Sequels are rarely better than originals, but “Ralph Breaks the Internet” is an exception. I wasn’t really looking forward to the movie initially, but it absolutely blew my expectations out of the water.
The new release takes place about six years after the events of “Wreck-It-Ralph” (2012). Ralph and Vanellope are best friends and are still working at Litwak’s Family Fun Center and Arcade. While Ralph is perfectly content, Vanellope yearns for more unpredictability and excitement in her game. During one round, Ralph tries to surprise her with a windy track that he built on his own. Unfortunately, it causes the human player to accidentally destroy the steering wheel controller. Unwilling to pay $200 for a new wheel, Mr. Litwak shuts down the game, and all the characters of “Sugar Rush” are left without a home.
Feeling responsible and sorry for a distraught Vanellope, Ralph is determined to restore everything back to normal. Together, he and Vanellope break into the internet through the WiFi router–the arcade’s latest installment–and then they head to eBay to purchase the new steering wheel themselves.
The entrance to the Internet allows the film to make a lot of real-life references, and it works in both humorous and clever ways. References include Amazon, Twitter, Pinterest and Google–it makes you wonder just how many sponsors signed on. The only invented site seems to be BuzzTube, which is likely some sort of crossover between Buzzfeed and Youtube. Nonetheless, the allusions remind us of the movie’s relevance to our world and our generation. The film also seizes the opportunity to showcase Disney in all its glory (under the guise of the Oh My Disney website): “Star Wars,” “Zootopia” and all the Disney princesses. Is it really extra? Yes. But do we love it? Of course.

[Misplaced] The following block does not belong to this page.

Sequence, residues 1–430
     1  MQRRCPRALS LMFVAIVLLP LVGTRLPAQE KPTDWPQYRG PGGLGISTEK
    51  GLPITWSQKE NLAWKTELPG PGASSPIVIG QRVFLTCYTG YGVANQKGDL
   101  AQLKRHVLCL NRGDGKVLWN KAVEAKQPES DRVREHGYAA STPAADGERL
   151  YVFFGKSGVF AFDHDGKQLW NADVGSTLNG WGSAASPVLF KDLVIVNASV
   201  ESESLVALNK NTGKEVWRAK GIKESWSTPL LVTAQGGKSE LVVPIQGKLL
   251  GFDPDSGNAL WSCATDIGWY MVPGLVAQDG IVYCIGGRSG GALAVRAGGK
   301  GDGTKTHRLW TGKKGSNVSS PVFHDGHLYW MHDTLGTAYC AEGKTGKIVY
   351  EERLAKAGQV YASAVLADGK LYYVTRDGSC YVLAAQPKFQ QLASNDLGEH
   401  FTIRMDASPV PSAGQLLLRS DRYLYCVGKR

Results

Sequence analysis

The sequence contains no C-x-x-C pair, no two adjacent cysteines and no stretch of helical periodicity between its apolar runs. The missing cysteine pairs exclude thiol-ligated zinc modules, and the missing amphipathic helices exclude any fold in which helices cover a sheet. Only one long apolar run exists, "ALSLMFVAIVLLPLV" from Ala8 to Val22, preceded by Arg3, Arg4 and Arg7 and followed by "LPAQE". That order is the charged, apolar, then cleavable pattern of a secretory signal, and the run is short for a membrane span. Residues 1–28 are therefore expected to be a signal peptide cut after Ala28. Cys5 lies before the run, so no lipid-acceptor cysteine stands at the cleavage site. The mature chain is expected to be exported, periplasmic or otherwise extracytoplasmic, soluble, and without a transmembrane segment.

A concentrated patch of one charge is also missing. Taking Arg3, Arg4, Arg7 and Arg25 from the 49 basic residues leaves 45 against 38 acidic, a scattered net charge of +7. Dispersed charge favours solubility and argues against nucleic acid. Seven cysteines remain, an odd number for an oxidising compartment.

There are also some hilarious moments in the film, so I won’t ruin them for future viewers. For a “family friendly” movie, the script is satisfyingly witty. Look out for Princess Jasmine and Butcher Boy during a couple of great scenes as well. Beyond the silliness though, the sequel is surprisingly thoughtful and profound in its commentary. It catches up on the really bizarre and random things that entertain us, the sheer speed and convenience at which we consume and the toxicity that we spread as online users because we believe we bear no consequences for our words.
Another prevalent theme is the importance of friendship. What does it mean to be a good friend? How do we allow our insecurities to affect our relationships? Those are a couple of the questions with which the film grapples. One of its major strengths is the depiction of Ralph. He is relatable in many ways: he has a fear of being alone and his understandable but harmful actions don’t fall far from our own. Vanellope’s pursuit of her dreams, mixed with her conflicting feelings about how her ties with Ralph will be impacted, is also undoubtedly real.
I don’t know if other students cried, but I definitely did. Animated movies nowadays seem to head straight for the heartstrings. I don’t care who you are, you will enjoy “Ralph Breaks the Internet.” It may break your heart, but it will also mend your spirit, 100 percent guaranteed.
Contact Gloria Han at [email protected]